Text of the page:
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  5. somarco
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    somarco That Medicare Guy

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    Not if you know what you are doing . . . and we did.

    The members.

    Unfortunately, there was quite a bit of that going on. Which is why associations are no longer self funded.

    At one time I had the TN Bar, Dental & Medical association, NC bar, S E Lumber Mfg ass'n, FL Auto Dealers, FL Auto Parts Assn and several employee leasing firms (as they were called then) . . . all self funded . . . all profitable until some folks got very greedy.

    The problem with most associations is they implode.
     
    somarco, Jun 11, 2008
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  6. ABC
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    Interesting,
    So when you set up the self funded plan for the association what specific did you use & what aggregate?(stop Loss) Did you use a TPA?
    How did the members fund the claims? Did you use a set equation for how much money they were funding each month? How many members did you have? Did you know any of the claims going into it?






     
    ABC, Jun 16, 2008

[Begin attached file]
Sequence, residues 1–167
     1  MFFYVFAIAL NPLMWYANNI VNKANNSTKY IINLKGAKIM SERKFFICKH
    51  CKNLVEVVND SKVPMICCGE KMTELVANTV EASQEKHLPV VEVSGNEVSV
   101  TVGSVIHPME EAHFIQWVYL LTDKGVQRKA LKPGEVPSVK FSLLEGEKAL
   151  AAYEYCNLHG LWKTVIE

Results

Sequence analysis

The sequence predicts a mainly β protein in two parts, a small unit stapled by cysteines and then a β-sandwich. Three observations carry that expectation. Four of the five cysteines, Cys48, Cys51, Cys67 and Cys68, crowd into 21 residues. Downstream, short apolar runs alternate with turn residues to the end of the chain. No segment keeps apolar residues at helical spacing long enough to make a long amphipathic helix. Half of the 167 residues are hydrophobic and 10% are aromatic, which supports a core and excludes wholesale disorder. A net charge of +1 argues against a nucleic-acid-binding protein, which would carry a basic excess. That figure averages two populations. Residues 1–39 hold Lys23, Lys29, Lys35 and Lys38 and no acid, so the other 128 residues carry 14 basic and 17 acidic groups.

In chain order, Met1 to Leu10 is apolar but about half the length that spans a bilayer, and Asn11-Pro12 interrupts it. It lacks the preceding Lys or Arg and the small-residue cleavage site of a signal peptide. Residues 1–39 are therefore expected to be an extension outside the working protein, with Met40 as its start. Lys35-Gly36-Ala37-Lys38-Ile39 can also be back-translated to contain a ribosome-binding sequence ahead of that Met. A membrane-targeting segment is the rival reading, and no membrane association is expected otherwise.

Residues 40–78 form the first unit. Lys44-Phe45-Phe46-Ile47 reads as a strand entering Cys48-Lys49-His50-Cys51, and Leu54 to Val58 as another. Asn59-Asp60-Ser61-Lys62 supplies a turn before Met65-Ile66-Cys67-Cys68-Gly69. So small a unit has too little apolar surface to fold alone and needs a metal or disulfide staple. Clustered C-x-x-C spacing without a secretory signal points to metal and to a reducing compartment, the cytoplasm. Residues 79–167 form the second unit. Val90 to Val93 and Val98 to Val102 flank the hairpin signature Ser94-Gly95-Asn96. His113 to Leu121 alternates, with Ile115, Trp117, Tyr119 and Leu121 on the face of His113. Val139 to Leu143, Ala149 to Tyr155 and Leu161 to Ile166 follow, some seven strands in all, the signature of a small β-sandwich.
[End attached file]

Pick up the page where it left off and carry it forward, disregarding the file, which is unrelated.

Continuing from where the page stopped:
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  7. somarco
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    somarco That Medicare Guy

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    Spec usually at $100k, sometimes higher. Depends on the size of the group.

    No agg.

    Always used a TPA.

    Members fund claims the same way they do fully insured plans.

    Members were charged a rate, just like with fully insured. Rate included spec premium, admin and agg factor.

    Each association was different. Most had 500 - 2000+ lives. Did one virgin association. The rest had claim experience.
     
    somarco, Jun 16, 2008
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  8. ABC
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    Very interesting
    Did you ever have a year where the premium was not enough to fund the claims? With no aggregate that seems to be taking on a lot of risk. I don't understand not having a agg.